Complexity

What about complexity? Sure. Complexity is a real consideration, and lots of open relationships fail because people cannot handle the additional emotional entanglements and communication involved. But again, if you want to avoid complexity you should be pathetic like me and have no sexual or romantic partners at all. I can do what I want, move where I want, live how I want. I have to accomodate the wishes of my housemates, but my relationships are much more simple than they would be if I was partnered. So why don’t we ban people having romantic partners altogether?

The reality is that doing non-monogamy correctly requires lots of communication, and it requires making implicit assumptions explicit. People who don’t want to deal with that complexity shouldn’t be in non-monogamous relationships, but that does not mean that the additional complexity overwhelms the benefit of shagging around. The couple on the Mexican cruise seemed to have a shared understanding of the parameters of their relationship. Does that mean their relationship was doomed? Certainly that is the implication from many of the comments.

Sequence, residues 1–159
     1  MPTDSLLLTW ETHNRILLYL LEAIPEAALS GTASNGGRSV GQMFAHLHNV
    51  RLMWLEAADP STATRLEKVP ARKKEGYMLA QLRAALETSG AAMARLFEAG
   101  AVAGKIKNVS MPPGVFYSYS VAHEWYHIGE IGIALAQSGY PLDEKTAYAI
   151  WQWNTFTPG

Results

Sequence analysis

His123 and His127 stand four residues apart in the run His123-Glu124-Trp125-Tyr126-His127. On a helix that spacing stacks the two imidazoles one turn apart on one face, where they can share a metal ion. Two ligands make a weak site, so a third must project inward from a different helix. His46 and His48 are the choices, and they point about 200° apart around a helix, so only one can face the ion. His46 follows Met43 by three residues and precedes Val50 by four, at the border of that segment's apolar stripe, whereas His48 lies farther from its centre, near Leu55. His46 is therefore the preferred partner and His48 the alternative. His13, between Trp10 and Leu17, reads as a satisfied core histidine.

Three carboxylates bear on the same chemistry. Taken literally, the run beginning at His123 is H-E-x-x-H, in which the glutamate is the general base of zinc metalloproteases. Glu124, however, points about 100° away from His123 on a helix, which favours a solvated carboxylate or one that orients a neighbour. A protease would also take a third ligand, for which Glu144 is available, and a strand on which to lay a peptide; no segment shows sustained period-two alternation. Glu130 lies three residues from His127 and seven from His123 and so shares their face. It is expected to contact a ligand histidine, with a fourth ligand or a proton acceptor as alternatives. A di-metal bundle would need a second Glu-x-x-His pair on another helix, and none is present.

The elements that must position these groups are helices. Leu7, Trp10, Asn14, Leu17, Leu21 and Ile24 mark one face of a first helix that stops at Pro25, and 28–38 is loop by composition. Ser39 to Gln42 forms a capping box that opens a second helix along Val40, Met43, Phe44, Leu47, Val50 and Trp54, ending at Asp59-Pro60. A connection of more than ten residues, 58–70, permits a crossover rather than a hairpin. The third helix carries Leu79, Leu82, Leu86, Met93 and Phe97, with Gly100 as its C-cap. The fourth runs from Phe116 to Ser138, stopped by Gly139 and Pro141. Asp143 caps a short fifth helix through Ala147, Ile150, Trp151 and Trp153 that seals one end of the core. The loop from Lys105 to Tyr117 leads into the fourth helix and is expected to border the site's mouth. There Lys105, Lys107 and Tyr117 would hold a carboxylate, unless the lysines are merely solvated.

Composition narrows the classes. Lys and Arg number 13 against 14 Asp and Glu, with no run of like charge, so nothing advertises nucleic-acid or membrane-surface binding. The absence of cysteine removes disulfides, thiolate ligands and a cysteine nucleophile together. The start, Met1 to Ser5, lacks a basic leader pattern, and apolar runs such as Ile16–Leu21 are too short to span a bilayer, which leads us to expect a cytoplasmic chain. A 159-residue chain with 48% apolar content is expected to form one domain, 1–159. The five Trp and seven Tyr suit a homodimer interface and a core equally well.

And yes, sometimes people fall in and out of love, and develop deeper emotional entanglements with people outside their primary relationship than their partner. Are you going to tell me that never happens outside the confines of monogamous relationships?

The advantage that non-monogamous people in relationships have over those who are monogamous by default is that non-monogamous people quickly learn that in order to be successful they need to negotiate their non-monogamy. Monogamous people think they can cruise by on default assumptions, and I think that is deeply harmful.

Infidelity

This, I think, is the crux of the matter. In the comments some people tried to make distinctions between shagging and intimacy, claiming that intimacy can only be experienced within the confines of a committed (monogamous) relationship. But I think that is the wrong distinction.

I agree that infidelity is a huge problem in marriage. But what does infidelity mean? It does not necessarily mean shagging outside marriage. It means violating trust. Don’t conflate the two.

If somebody has promised to be monogamous and then is non-monogamous, then that is probably infidelity. Many of the commenters who experienced suffering through non-monogamy dealt with that. There are some deeper problems here, however.

First, I would be willing to bet that the assumption of monogamy was implicit, and not explicitly discussed until it was too late.